Jobson v Johnson [1989] 1 WLR 1926

Company law – Contract terms – Penalty clauses – Jurisdiction


The plaintiff owned 44.9% of the share capital of a football club and contracted to sell the shares to the defendant, by way of the defendant’s nominee for £40,000 with further instalments of £311,698 to be paid at later dates. The contract held that if the instalments were not paid, the shares could be transferred back to the plaintiff for £40,000. The defendant defaulted on the payments and the plaintiff brought an action to transfer the shares. The defendant argued that the clause was a penalty clause and counter-claimed against having to forfeit the shares. The trial judge held that the clause requiring the transfer of the shares was a penalty but was enforceable. The defendant’s counterclaim did fall under the judge’s discretion, but did not succeed on the basis that it had not complied with required undertakings. The defendant appealed this decision.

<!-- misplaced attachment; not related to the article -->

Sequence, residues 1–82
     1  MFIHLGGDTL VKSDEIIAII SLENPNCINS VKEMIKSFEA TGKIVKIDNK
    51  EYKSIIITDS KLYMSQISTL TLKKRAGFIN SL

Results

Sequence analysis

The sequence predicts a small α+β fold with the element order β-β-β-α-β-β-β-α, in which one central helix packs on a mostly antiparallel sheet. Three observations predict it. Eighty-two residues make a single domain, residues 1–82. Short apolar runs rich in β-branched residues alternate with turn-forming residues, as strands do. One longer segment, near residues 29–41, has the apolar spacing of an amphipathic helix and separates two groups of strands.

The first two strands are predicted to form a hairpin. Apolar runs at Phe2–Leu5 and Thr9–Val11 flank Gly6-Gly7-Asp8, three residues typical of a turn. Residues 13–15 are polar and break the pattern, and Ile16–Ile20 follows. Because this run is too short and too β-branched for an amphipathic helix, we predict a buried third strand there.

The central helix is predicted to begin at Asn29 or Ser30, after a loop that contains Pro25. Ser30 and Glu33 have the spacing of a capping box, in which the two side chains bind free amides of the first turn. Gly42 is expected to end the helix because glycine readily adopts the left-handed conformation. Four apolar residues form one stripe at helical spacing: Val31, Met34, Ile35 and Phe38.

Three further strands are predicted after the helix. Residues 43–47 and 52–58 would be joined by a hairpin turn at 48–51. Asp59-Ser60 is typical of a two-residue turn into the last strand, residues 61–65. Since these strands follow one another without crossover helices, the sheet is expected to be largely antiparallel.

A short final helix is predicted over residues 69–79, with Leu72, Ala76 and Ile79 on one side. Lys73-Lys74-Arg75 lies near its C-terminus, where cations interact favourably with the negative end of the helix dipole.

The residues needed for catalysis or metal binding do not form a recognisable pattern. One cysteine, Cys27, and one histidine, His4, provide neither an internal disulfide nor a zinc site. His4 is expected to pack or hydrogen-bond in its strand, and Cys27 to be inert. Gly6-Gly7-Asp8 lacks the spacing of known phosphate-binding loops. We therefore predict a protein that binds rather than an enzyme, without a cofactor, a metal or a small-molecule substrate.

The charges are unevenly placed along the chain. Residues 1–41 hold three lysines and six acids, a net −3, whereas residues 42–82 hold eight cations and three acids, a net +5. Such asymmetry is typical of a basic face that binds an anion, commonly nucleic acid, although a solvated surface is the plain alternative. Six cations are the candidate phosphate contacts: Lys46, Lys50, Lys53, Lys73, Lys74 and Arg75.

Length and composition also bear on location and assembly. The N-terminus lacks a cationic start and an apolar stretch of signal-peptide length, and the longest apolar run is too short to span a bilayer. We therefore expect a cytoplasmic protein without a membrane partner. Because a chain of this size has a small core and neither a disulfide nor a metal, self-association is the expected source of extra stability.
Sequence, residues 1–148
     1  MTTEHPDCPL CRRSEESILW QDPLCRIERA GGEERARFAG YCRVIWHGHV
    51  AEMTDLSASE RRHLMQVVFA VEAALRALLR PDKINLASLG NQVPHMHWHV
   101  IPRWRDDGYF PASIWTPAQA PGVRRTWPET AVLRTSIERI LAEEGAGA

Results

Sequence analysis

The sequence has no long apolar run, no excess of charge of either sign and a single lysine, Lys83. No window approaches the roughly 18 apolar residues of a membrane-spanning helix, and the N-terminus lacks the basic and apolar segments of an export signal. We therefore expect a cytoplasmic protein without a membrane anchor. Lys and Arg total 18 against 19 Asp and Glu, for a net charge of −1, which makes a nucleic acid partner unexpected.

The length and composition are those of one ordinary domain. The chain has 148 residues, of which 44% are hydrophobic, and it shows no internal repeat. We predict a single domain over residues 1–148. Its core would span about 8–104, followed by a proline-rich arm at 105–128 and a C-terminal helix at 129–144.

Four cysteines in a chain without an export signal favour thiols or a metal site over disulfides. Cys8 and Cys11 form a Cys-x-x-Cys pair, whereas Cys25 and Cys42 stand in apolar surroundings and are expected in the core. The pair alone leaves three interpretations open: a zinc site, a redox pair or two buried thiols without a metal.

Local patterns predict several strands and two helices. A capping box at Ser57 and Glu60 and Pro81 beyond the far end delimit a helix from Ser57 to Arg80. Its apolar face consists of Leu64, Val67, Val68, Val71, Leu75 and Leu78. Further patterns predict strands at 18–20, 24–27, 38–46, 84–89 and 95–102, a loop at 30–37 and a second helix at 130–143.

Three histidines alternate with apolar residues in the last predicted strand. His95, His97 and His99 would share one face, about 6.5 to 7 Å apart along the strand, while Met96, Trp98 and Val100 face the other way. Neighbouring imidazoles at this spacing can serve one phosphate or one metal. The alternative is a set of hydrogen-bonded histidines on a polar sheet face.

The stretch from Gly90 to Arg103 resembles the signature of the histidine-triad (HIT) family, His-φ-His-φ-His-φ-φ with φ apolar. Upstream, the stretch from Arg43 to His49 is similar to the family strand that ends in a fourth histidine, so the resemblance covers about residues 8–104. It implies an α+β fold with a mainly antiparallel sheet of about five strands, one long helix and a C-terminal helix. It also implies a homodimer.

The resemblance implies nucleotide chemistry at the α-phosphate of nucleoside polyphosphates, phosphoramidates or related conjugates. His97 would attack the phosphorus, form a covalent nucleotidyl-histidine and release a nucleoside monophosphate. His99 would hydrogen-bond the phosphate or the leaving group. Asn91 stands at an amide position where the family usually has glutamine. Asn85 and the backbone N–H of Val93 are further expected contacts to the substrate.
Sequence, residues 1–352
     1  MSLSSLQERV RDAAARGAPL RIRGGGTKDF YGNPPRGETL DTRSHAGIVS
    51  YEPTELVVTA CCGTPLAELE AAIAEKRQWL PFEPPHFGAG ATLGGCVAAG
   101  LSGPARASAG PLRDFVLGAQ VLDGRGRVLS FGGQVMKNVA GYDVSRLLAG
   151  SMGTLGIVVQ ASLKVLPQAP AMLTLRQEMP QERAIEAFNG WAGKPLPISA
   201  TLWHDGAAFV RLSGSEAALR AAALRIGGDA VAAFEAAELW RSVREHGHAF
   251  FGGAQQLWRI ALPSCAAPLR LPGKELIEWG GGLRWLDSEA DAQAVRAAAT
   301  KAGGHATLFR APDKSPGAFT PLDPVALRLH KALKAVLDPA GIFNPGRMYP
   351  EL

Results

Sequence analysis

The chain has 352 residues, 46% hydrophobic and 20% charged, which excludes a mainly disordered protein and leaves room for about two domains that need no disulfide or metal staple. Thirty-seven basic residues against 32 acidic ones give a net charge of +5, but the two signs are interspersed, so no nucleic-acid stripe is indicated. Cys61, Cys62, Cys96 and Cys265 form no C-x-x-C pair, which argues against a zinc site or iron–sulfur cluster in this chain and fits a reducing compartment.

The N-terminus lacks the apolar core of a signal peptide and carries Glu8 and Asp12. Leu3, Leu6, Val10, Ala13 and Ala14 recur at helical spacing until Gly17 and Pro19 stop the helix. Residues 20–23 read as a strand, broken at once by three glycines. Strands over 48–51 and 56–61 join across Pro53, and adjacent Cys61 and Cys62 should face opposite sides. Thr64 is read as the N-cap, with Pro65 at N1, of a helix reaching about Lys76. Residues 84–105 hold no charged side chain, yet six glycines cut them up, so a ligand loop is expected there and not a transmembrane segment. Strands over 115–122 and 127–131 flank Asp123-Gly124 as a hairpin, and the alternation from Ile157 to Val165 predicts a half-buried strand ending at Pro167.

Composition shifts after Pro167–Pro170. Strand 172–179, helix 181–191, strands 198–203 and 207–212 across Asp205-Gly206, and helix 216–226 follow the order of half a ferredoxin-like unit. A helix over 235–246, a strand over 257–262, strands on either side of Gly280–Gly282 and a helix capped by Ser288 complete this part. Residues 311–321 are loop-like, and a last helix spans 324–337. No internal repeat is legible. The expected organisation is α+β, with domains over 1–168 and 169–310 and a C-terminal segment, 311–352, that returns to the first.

There were two clear issues for the court to clarify. The first was whether the clause in the contract was considered as a penalty clause, which could be restricted by the court and the second was whether the defendant could counterclaim for relief from the forfeiture of the shares.


The court found that the clause was a penalty clause that punished the defendant for defaulting in paying in the defendant, particularly as the re-purchase price was less than the amount the defendant had paid in total. It was not a genuine measurement of the plaintiff’s loss. However, as the counter-claim had been struck out, there could not be relief for a time extension to pay the balance. The court allowed there to be specific performance to the extent that the penalty did not exceed the plaintiff’s loss.